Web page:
A year later, former Browns teammate Joe Thomas didn't hold back:
It was a terrible distraction. He crippled our offense. We were struggling to find anybody who could carry the ball after all the injuries we had. To have Peyton going through a contract dispute and basically refusing to play, it was a big distraction. But more than anything, he was our starting running back that was a good player who was going to help us be a successful offense. When he's not there and you don't have anybody to turn to, it makes it hard to win. And that's the distraction, it's not being successful.
To his credit, Hillis knows he wasn't a complete patsy in 2011.
"Don't get me wrong, there are things that I could have done differently," he said, "I could have held my temper a couple times, especially with the upper staff."
He apologized publicly for missing that Halloween charity event, and he also admits he shouldn't have kept firing agents.
"A lot of stuff wasn't getting done, and even with that, I should have just stuck with one agent and been done with it," Hillis said. "But by that point, I wasn't thinking rationally."
And that he should have waited to get married.
"I probably should have waited for my marriage, there's no doubt about it," he said. "But by that point, everything was already in full swing. The sad thing about my marriage was I was hurt during the process and I got married while I was hurt. But if I'd been healthy and got married, nobody would have thought anything about it. So yeah, I regret that."
And he even says he'd apologize to Thomas.
"If I saw Joe Thomas today, I'd say I'm sorry," Hillis said. "But I think there was a lot of things wrong with the organization at that point. He was a key figure there and he wanted his players to play, but I don't think he even fully understood what was going on at that point."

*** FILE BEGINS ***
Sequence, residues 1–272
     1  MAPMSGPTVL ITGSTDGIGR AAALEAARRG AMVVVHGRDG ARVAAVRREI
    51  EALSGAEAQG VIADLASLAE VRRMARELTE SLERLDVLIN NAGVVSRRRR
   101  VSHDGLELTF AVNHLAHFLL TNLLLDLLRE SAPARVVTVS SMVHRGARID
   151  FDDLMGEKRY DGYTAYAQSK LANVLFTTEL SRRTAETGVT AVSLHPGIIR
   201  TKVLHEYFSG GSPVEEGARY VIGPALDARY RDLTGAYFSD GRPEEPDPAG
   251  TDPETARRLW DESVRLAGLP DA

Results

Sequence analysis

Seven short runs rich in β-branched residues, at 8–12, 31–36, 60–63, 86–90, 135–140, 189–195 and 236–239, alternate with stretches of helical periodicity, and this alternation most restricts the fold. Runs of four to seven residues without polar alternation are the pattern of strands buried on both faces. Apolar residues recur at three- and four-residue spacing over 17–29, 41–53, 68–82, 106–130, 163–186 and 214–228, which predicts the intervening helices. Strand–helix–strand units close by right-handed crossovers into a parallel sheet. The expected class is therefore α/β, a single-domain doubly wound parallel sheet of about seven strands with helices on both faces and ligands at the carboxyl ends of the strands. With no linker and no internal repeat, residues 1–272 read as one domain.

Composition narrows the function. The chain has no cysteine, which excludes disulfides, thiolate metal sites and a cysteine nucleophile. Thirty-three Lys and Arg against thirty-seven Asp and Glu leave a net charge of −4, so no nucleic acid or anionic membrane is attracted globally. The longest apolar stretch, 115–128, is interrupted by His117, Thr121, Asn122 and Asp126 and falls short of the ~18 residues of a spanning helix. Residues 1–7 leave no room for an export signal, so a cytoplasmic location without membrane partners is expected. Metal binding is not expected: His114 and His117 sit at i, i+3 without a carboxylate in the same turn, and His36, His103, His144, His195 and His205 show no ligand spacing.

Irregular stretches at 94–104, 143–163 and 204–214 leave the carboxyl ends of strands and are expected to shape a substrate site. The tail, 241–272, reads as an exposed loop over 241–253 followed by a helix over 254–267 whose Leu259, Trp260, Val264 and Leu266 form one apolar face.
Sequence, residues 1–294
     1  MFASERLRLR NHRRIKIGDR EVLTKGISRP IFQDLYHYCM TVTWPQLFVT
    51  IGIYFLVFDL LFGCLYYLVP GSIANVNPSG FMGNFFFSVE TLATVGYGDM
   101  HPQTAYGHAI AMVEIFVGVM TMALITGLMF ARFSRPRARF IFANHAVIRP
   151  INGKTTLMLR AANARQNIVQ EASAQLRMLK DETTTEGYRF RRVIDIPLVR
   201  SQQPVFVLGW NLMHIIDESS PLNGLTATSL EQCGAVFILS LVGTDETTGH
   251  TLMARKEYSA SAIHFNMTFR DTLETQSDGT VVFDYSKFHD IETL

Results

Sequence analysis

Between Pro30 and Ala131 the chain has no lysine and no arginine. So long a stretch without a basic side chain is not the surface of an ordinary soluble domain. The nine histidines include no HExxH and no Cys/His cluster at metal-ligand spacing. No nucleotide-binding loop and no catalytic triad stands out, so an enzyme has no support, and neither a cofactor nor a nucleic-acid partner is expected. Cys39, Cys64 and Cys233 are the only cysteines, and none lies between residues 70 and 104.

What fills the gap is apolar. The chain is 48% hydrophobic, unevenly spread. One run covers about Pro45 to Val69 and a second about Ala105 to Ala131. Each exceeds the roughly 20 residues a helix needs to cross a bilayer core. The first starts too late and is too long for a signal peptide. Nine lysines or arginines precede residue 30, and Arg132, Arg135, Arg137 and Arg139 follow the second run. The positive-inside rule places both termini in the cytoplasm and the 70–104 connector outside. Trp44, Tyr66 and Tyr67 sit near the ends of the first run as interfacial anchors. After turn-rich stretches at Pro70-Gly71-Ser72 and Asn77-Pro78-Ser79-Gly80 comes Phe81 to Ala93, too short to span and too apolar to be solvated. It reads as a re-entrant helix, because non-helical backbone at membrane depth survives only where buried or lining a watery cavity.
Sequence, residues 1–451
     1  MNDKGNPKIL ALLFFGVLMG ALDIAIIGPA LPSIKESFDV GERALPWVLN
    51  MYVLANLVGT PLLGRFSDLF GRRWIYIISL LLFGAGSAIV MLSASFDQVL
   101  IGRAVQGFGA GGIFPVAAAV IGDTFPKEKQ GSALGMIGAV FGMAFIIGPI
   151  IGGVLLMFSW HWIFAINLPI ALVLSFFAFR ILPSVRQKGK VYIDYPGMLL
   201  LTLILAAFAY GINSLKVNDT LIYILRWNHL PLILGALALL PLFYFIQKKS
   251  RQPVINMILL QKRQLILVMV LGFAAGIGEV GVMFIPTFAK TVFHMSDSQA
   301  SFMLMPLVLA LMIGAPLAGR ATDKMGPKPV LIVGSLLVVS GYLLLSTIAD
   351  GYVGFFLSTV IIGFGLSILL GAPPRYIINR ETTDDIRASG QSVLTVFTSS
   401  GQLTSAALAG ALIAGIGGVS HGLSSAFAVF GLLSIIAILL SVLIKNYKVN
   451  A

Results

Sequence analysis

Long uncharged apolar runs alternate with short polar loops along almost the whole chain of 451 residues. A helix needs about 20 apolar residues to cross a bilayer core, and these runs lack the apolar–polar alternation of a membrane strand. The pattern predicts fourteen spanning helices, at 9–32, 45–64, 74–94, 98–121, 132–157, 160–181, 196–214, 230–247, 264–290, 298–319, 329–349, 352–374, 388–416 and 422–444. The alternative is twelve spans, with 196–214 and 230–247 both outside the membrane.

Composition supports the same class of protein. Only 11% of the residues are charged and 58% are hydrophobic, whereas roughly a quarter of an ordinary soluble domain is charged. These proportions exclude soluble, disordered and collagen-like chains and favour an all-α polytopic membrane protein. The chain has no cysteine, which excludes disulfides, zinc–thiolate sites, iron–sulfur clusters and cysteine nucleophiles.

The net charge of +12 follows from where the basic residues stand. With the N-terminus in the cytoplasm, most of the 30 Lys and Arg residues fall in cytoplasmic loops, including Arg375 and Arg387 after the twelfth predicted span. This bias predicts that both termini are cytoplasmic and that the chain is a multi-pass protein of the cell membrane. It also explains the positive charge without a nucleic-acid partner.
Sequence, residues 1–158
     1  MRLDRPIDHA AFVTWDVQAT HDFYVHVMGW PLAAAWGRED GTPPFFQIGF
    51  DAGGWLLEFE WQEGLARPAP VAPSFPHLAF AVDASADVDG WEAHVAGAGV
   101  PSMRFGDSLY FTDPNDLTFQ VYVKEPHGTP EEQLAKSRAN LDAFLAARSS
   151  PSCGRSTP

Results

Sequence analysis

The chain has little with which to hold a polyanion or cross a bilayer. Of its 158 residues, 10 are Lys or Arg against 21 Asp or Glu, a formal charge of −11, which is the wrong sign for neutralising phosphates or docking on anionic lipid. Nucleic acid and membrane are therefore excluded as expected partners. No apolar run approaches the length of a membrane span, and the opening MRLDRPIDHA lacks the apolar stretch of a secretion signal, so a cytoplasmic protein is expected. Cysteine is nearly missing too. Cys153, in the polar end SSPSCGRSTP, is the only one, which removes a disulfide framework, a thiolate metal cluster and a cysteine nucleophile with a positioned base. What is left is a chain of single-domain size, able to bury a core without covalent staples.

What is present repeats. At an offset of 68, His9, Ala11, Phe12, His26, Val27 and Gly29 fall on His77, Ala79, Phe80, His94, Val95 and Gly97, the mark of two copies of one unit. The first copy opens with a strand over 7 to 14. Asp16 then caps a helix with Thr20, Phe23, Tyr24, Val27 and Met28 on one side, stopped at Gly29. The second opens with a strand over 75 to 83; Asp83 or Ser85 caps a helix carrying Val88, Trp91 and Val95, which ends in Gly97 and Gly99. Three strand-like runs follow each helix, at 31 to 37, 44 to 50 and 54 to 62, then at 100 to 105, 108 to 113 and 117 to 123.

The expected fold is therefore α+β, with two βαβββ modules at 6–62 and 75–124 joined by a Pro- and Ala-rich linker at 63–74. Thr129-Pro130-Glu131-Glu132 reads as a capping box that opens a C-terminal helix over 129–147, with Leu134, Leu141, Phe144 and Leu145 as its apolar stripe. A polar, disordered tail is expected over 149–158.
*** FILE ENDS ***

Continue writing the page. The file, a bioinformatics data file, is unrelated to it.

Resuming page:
But he won't apologize for his health issues that season.
"That whole year I truly was hurt," he said, "and there was nothing I could do about it."
One other factor to consider here is mental well-being, which of course complicates the narrative that aligns the Browns on one side and Hillis on the other. One of Silver's unnamed sources noted the formerly "positive and inspirational" back had become "a different guy" in 2011.
Per Silver, who claimed players felt Hillis was "mentally fragile," Hillis also told the media that year he was having trouble getting his "mind right." And time and again during our conversation, he alluded to the stress that weighed down on him that year.
In fact, Hillis even sought help.
"I was going through real bad depression during that time," he said. "I was getting help because I couldn't sleep, I was so upset that everything was going down the way it was and nobody could understand.
"The fans didn't understand and the organization was against me and I couldn't play because I was hurt. You'd walk the street and people would talk smack at you and say you aren't doing this, and you're a traitor, you're this, you're that. And that hurt, because I'm not that kind of guy. I've always been a hard-nosed, blue-collar guy, just like the city of Cleveland. And it hurt me that I fell from grace so hard and so fast with a city that I can relate myself to."